Digest highlights

Natzke dave
Editor / Progressive Dairy

NFU seeks dairy policy changes but not a FMMO hearing

National Farmers Union (NFU) delegates called for dairy policy reform but voiced opposition to a Federal Milk Marketing Order (FMMO) hearing during the organization’s 121st annual convention, March 5-7, in San Francisco.

Among the dairy policy reform provisions approved during a special order of business, NFU delegates called for creation of a farmer-led incentive-based milk production growth plan to match milk supply with profitable market demand.

However, citing a lack of producer representation in the process, the NFU delegates opposed a national hearing on FMMO reform. In event a hearing is held, they asked for the USDA to convey added weight on positions taken by producers opposed to those held by milk processors and handlers. Additionally, if a hearing is held, the NFU supported:

  • Establishing a price discovery formula at the producer level through a growth management program that incentivizes matching production with market demand
  • Reforming all milk class formulas to reflect the value and volume of all dairy products sold in the market today
  • Requiring mandatory participation of processors in an audited National Agricultural Statistics Service (NASS) survey and in an audited Cold Storage report
  • Establishing a national make allowance that is adjustable to reflect the difference between milk prices and the producer’s cost of production; this allowance should be generated from the market, not deducted from the established price through end-product pricing.

Chapter 12 bankruptcy filings fell in 2022

With many improving working capital and equity positions in 2022, the number of U.S. farms filing for Chapter 12 bankruptcy were down substantially. Based on data from the U.S. district bankruptcy courts, Chapter 12 filings fell to 169 during the year, down 39% from a decade-low total of 276 in 2021.


The number of U.S. farms filing for Chapter 12 bankruptcy during 2021-22 was in sharp contrast to previous years, when filings hit 599 in 2019 and 560 in 2020.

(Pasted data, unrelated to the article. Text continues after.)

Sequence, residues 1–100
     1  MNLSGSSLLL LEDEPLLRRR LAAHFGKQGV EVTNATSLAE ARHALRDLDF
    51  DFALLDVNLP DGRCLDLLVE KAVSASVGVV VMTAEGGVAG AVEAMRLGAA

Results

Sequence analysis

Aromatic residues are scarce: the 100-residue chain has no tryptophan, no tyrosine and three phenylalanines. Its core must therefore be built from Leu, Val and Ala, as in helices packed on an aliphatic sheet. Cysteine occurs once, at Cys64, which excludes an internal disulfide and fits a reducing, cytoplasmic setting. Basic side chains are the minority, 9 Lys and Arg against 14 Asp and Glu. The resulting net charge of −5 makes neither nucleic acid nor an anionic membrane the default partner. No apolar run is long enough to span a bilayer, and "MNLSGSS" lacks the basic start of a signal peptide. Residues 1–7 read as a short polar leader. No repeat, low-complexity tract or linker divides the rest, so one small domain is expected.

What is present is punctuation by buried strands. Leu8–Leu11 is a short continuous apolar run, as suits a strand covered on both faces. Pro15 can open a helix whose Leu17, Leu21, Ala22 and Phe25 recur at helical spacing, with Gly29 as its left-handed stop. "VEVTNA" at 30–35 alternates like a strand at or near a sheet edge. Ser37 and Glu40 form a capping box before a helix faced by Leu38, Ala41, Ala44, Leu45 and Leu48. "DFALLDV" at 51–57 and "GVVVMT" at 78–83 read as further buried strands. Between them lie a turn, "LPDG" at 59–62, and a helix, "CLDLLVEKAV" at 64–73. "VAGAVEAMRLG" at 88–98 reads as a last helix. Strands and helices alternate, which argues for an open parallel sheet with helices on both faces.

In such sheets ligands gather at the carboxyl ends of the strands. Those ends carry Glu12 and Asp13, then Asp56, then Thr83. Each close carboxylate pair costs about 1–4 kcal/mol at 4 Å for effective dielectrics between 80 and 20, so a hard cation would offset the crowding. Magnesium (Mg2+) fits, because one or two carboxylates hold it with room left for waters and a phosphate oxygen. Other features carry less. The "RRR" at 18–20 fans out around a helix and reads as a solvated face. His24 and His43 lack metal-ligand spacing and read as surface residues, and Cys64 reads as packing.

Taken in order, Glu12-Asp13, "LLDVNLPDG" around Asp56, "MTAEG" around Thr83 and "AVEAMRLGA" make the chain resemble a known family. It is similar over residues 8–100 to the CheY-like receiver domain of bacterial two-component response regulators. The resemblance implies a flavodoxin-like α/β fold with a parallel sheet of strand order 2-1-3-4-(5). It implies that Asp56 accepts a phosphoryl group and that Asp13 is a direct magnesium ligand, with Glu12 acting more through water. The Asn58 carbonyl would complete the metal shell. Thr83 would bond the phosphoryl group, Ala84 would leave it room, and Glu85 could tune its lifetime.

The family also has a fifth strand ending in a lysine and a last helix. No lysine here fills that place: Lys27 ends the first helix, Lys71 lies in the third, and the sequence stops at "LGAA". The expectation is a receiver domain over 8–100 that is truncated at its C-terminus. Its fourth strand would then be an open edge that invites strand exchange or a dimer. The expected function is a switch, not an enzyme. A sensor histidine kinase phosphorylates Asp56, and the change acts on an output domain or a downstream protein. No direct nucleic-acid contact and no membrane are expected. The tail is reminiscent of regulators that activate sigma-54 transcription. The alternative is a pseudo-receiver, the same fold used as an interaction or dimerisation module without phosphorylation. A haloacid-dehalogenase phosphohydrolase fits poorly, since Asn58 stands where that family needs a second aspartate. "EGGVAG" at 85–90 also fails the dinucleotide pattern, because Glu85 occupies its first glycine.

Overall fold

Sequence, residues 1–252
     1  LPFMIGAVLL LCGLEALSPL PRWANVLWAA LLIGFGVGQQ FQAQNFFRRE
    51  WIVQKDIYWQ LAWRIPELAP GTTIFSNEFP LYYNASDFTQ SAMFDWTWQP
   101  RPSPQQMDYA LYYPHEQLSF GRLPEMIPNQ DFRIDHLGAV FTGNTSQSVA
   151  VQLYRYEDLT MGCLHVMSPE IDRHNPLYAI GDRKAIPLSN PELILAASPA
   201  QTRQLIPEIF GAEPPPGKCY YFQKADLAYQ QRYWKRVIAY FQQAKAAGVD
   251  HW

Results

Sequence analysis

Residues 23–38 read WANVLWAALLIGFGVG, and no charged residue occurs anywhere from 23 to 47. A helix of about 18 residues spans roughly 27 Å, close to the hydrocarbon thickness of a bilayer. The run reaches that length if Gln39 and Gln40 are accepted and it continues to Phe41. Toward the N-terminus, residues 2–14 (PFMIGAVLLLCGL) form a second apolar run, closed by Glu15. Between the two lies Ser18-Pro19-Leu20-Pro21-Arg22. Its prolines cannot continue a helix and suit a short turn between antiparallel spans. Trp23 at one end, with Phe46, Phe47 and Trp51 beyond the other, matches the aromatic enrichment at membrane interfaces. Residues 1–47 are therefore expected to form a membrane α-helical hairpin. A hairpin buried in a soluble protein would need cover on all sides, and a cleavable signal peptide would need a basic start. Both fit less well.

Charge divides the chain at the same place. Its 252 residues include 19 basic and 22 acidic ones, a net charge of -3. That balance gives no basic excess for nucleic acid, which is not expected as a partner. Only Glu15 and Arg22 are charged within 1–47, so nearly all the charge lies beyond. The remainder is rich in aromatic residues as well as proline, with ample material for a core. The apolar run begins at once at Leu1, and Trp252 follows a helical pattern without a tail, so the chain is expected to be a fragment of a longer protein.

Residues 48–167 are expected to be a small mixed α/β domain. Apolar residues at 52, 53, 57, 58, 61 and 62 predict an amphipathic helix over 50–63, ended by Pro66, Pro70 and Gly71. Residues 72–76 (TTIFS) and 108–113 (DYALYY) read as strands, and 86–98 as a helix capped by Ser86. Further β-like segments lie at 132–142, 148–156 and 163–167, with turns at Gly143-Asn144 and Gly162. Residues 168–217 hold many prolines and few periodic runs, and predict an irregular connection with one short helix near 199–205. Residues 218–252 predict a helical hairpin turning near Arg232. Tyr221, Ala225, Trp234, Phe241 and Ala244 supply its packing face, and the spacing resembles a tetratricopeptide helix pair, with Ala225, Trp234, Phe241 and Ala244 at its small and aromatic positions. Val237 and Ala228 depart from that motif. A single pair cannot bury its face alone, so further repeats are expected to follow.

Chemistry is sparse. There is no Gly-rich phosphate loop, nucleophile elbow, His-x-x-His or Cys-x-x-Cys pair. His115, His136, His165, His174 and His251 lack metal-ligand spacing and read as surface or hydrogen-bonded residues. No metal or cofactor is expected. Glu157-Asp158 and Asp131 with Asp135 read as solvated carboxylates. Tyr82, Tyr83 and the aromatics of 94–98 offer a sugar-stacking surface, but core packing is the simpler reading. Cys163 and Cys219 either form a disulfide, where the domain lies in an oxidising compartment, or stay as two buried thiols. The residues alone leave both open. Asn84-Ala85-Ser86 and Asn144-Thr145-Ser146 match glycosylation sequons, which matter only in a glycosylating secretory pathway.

Among the 24 major dairy states, Chapter 12 filings totaled 107 for the year ending Dec. 31, 2022. Among those states, filings were highest in New York (16), California (12), Georgia and Florida (each 10). The total does not necessarily mean the filings were from dairy operations.

Chapter 12 bankruptcy filings totaled six each in Wisconsin, South Dakota, Kansas and Iowa, and five in Pennsylvania and Oregon.

Chapter 12 bankruptcy does not mean the loss of the farm. Designed for family farmers with "regular annual income,” Chapter 12 bankruptcy allows financially distressed farmers to restructure financials and propose a repayment plan – usually over a three- to five-year period. 

DAIRY PRIDE Act reintroduced in House

The “Defending Against Imitations and Replacements of Yogurt, Milk and Cheese to Promote Regular Intake of Dairy Everyday Act” (DAIRY PRIDE Act), previously reintroduced in the Senate, has also been reintroduced in the House.

The proposal would require nondairy products made from nuts, seeds, plants and algae to no longer be labeled with dairy terms such as milk, yogurt or cheese. It would require the FDA to issue guidance for nationwide enforcement of mislabeled imitation dairy products within 90 days of passage and require the FDA to report to Congress two years after enactment to hold the agency accountable for enforcement obligations.